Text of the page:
Smarter image paths

Doing a multi-platform app using a single Titanium codebase? Way to go! Titanium is great for doing this because of its smart platform specific folders. When packaging your app, only files – whether it’s code or assets – in the root or platform specific folder are included and used. And when you’re using the Alloy framework, even conditional code unreachable for the platform you build for will be stripped out. All this keeps your app lean and fast.

Losing weight

Images (and other media assets) are an app’s fat. And with iOS’s retina and Android’s 4+ densities your app can grow fast. So let’s take a look how to make use of these techniques to minimize your app’s total weight.

Note: For Alloy apps, just read app/assets and app/lib where ever I use Resources.


In this directory (or app/assets/images for Alloy) you want to include all non-retina iOS images, except background images that you use with backgroundLeft- and TopCap. Images in this folder will also be used for Android mdpi devices and since Anroid handles stretchable backgrounds different we don’t want them here.


Here you will place all retina (@2x) images plus the non-retina stretchable background images I told you not to put in the previous folder.


This folder should only contain 9-patch versions of any iOS non-retina stretchable backgrounds. Use to generate Android 9-patch versions for any iOS background by simply specifying its left and top-cap. Since the mdpi density matches with non-retina, it can use them from /Resources/images.


For xhdpi you can use the same resolution as retina on iOS. So just copy all iOS retina images and strip out the @2x. And again, don’t forget to replace stretchable backgrounds with 9-patch versions.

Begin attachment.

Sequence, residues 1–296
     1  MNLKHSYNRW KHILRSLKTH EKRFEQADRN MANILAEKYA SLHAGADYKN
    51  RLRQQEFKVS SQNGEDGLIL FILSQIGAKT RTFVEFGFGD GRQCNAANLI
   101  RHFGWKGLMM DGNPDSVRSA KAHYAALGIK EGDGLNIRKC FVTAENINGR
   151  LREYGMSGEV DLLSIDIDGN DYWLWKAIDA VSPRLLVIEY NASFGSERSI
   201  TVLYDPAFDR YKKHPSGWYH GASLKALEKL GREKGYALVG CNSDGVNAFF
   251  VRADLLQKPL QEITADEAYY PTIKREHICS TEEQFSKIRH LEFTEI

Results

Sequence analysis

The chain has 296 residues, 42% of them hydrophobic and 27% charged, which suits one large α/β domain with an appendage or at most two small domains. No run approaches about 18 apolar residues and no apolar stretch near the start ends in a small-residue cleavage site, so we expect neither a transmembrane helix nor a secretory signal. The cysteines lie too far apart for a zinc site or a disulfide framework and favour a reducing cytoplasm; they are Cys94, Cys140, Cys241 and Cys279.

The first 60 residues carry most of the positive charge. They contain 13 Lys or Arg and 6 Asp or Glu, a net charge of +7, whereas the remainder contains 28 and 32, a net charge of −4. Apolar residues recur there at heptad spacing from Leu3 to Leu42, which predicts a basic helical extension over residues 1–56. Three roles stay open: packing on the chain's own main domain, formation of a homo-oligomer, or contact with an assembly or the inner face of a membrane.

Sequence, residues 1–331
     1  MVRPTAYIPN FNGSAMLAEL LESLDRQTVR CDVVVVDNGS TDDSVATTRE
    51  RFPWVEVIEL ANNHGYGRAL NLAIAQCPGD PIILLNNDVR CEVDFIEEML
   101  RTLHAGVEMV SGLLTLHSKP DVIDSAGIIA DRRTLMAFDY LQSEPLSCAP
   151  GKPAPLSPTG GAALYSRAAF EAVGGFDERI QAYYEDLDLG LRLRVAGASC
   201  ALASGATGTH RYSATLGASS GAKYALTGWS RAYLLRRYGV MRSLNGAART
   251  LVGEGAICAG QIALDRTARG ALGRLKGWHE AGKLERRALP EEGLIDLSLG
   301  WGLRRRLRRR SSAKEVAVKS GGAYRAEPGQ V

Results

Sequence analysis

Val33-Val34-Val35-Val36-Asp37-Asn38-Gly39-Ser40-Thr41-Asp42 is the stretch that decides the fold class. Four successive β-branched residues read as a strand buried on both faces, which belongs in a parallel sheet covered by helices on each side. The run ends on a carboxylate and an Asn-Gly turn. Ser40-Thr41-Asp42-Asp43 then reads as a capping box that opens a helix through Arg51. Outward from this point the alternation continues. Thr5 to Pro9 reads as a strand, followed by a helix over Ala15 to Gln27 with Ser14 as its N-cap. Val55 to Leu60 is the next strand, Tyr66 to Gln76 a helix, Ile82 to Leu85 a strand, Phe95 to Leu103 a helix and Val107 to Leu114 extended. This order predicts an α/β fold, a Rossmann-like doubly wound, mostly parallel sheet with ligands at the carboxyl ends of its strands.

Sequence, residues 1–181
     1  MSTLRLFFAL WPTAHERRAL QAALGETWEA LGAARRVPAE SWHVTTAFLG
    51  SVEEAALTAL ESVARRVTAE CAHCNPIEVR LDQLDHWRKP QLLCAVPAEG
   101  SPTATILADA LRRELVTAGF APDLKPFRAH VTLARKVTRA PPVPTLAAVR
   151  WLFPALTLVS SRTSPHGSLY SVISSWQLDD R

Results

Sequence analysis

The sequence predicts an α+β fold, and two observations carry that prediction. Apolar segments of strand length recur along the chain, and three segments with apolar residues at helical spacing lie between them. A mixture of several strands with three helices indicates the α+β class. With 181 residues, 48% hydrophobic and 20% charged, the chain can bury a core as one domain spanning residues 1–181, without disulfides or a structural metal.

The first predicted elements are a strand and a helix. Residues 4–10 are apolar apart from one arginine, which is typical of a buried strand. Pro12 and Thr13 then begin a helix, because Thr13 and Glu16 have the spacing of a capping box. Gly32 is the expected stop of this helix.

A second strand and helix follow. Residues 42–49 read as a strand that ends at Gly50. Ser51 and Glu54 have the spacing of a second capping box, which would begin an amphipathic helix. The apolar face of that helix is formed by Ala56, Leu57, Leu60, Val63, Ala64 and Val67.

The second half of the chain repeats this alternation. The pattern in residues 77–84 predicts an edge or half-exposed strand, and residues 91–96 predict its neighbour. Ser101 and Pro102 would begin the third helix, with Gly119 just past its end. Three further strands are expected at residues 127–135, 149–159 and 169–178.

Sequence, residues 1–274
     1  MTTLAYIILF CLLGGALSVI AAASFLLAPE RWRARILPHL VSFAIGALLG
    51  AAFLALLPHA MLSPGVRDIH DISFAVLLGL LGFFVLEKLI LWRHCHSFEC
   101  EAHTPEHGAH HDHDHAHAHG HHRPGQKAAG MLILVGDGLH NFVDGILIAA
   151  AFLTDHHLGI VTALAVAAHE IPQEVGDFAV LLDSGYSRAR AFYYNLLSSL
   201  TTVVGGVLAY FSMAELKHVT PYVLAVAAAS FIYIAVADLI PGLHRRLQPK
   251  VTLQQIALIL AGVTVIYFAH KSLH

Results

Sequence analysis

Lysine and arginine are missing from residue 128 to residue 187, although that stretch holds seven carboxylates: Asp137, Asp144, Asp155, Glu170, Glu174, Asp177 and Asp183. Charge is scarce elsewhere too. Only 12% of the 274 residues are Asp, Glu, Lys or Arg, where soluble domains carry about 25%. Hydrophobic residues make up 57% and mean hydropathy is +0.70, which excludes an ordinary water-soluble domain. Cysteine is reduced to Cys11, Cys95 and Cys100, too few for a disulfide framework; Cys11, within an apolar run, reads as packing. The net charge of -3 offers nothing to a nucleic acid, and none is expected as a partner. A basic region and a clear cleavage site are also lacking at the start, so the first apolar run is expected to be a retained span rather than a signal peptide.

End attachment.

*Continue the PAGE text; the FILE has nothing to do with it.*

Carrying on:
The hdpi density is 75% of retina on iOS. So you’ll have to copy the res-xhdpi folder and resize all images down 25%.

Even more Android folders

You think 3 Android folders is a lot? There’s also res-ldpi, res-xxhdpi and then each of these 5 can be combined with targeting long/notlong devices and land/port orientations. That makes 20. My advice: ignore ldpi and xxhdpi and only use long/notlong and land/port for full-screen backgrounds you need to get pixel-perfect. Most of the time all I have in these is the launch image that generated for me.


You now have minimized the amount of assets you package with your app. But these assets can be compressed to win even more space. For this I use ImageOptim, a free Mac OS X app. Images generated by all already compressed, but it doesn’t hurt to use the app on all assets right before you package it.


Next to the tools I already mentioned, I also use a JMK file for Alloy that automatically generated non-retina and Android images whenever I add or change a retina one. I probably should turn that into a ti-assets NodeJS script some time :)